39 dead in lorry: what role did EU migration policy play?
39 corpses have been found in a lorry northeast of London. The police believe the victims were migrants brought from Bulgaria - presumably via Holyhead in Wales. This route is apparently being increasingly used by human smugglers due to tightened security at other ports. Europe's press discusses the role of EU migration policy in the tragedy.
When will Europe see the light?
Europe is accepting such incidents as inevitable, writes the Frankfurter Rundschau:
“For years the EU interior ministers have been complaining that human smuggling is a billion-dollar market that they want to combat. But with the migration and refugee policy they have pursued so far they achieve the opposite. The ever higher walls on their borders, the ever more rigid controls at home, and their insistence on adhering to the nonsensical Dublin system have allowed people smuggling services to flourish. When goods are in demand, prices rise. If the EU interior ministers went about creating safer migration routes, a modern immigration policy and an asylum system that deserves the name with the same fervour with which they go about sealing Europe off, demand for illegal entry would fall. How many people must die before they realise that their migration policy has failed?”
Even cattle receive better treatment
The truck is a disgrace for all Europe, author Marina Corradi writes in Avvenire:
“Thirty-eight men and women and a boy were treated like cattle going to the slaughter. Worse, in fact, because livestock has a value and care is taken that it arrives at its destination safe and sound. These people weren't worth anything anymore because they'd already paid for their trip. ... This truck is the symbol of a despair that sealed-off Mediterranean ports can't hold back, of a pressure that will stop at nothing. ... Those who drown in the Mediterranean remain invisible. But this container, loaded like a cattle wagon, is a thorn in Europe's heart. ... After 1945 we believed that in this part of the West humans would never again be treated like material with no value, left to die en masse.”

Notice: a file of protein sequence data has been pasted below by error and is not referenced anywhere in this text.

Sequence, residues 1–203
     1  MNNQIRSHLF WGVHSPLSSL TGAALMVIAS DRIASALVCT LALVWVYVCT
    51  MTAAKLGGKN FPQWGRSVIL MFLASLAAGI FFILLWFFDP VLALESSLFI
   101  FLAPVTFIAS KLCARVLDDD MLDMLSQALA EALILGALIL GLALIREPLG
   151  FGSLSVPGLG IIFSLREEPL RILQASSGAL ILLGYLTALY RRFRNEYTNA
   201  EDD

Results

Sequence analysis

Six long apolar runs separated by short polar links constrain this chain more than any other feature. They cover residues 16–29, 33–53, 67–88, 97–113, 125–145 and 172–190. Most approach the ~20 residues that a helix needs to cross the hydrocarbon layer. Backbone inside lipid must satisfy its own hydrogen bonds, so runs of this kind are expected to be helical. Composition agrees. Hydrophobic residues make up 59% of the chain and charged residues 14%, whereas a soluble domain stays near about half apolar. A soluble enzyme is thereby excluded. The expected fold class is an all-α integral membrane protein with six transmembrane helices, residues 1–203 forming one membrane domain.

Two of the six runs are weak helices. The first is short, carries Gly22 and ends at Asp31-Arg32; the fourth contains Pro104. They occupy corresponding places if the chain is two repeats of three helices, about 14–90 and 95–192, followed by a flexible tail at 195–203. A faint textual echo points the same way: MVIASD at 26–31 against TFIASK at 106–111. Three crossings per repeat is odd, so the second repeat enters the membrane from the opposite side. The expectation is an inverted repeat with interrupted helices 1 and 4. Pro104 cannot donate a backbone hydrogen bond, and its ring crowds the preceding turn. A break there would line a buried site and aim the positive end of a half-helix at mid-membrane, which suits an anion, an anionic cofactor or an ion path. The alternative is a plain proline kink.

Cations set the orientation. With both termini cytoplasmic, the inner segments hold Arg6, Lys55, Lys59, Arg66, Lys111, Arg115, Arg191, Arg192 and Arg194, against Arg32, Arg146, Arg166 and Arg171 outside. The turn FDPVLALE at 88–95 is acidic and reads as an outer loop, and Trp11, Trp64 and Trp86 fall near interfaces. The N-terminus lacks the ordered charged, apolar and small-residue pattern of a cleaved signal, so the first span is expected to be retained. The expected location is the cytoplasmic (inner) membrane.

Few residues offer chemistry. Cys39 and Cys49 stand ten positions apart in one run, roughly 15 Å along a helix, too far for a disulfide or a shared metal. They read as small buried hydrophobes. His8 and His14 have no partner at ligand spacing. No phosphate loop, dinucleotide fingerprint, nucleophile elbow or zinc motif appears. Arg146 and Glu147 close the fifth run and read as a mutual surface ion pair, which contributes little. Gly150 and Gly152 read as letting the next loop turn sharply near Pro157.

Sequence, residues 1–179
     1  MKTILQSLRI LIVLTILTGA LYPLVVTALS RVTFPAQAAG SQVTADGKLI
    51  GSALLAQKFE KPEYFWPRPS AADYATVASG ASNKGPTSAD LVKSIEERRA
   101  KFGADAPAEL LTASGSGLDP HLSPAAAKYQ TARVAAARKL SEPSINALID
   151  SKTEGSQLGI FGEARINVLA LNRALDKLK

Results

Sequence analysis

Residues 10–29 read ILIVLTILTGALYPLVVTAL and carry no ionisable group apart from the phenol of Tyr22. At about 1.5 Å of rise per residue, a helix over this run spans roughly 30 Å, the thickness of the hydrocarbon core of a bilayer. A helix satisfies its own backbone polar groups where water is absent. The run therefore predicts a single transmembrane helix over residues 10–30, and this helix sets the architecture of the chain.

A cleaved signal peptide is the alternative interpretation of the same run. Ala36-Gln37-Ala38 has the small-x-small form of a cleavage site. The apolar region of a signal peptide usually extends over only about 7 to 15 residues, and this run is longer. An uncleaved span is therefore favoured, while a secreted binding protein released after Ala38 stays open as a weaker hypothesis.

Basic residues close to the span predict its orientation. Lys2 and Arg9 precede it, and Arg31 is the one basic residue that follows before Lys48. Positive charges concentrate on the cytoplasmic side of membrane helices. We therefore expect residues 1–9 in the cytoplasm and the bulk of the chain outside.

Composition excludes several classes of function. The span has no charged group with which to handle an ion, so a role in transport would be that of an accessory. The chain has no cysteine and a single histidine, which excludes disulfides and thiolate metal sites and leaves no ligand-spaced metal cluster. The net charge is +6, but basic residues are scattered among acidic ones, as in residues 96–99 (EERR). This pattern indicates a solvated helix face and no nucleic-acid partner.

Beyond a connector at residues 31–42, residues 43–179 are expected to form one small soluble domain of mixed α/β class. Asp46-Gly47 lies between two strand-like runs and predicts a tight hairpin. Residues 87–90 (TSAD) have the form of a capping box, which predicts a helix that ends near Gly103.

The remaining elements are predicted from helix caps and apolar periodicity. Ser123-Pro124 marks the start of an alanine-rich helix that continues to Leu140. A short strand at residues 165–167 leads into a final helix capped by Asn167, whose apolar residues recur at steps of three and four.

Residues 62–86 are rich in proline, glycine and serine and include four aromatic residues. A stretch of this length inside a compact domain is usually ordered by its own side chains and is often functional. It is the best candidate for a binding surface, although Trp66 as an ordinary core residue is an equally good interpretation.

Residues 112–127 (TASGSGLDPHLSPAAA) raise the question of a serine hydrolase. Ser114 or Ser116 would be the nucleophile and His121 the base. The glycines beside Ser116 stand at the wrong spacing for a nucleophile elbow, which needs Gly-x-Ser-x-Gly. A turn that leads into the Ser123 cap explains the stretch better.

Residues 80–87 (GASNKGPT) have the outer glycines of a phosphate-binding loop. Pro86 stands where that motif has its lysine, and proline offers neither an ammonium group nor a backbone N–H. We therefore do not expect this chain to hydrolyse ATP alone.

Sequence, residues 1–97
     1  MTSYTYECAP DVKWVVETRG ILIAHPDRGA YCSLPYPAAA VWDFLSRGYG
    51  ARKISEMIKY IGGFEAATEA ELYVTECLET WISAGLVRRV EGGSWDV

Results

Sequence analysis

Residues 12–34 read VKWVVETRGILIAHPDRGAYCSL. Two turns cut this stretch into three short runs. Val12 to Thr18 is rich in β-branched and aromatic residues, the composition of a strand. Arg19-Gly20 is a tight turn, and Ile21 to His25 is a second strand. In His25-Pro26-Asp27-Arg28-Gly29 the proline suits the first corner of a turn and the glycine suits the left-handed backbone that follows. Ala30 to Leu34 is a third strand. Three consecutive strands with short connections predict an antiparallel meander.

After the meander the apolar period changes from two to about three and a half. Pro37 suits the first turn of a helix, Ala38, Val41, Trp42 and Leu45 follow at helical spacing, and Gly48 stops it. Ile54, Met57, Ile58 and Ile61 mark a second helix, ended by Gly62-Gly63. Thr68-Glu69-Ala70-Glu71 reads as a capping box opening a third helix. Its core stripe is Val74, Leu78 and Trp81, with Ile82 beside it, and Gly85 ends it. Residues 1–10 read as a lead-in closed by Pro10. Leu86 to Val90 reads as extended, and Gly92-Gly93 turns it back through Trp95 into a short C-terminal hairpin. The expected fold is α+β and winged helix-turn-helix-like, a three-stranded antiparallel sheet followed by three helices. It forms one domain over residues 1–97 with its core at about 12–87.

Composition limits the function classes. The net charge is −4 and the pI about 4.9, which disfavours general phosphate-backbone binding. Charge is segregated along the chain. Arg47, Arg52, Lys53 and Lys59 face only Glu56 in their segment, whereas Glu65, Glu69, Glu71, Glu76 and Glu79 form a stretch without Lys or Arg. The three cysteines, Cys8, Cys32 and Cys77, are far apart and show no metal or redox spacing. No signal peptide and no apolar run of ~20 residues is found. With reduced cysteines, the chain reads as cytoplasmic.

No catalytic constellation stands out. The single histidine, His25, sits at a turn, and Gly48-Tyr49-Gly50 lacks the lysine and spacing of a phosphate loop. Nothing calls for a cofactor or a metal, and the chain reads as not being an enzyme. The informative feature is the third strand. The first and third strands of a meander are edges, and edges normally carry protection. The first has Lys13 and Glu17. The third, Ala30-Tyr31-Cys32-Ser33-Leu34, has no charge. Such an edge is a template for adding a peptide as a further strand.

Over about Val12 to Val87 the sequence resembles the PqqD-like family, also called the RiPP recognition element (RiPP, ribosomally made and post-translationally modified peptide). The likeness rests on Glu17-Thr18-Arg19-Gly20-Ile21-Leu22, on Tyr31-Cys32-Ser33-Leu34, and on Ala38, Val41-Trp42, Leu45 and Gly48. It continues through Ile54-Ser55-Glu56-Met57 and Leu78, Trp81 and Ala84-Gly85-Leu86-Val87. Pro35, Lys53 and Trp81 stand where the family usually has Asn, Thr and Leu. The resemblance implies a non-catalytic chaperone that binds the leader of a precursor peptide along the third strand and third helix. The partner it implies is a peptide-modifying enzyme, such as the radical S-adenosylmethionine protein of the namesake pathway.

EU must take action to eliminate smuggling
Similarly gruesome discoveries were made in Dover in 2000 and in Austria in 2015. How could this happen again, asks La Croix:
“This testifies to the unprecedented risks that migrants are willing to take in order to reach Western Europe. No obstacle can fully deter such determination. ... The second cause of these deaths is the appalling cynicism of smuggler networks that have no qualms about exposing their 'clients' to fatal risks if it means they can maximise profits. Many politicians in Europe are calling for routes to be closed to migrants, but very rarely do they put forward proposals to combat the smugglers, who will always be willing to offer their fatal services to those who dream of a better life - and risk their lives to achieve it.”
Tougher controls only makes things worse
Not even cracking down on migrants and human smugglers can prevent such tragedies, The Guardian argues:
“A kneejerk response is to demand tougher controls: more security infrastructure at the borders; tougher punishments for the people who try to make these journeys and those who facilitate them. ... But, as is painfully apparent in so many parts of the world right now, there will always be people who feel compelled to travel even when the risks are deadly. Tougher controls push people to more dangerous routes, and to place their lives in the hands of smugglers who may be indifferent to their safety or actively looking to exploit them.”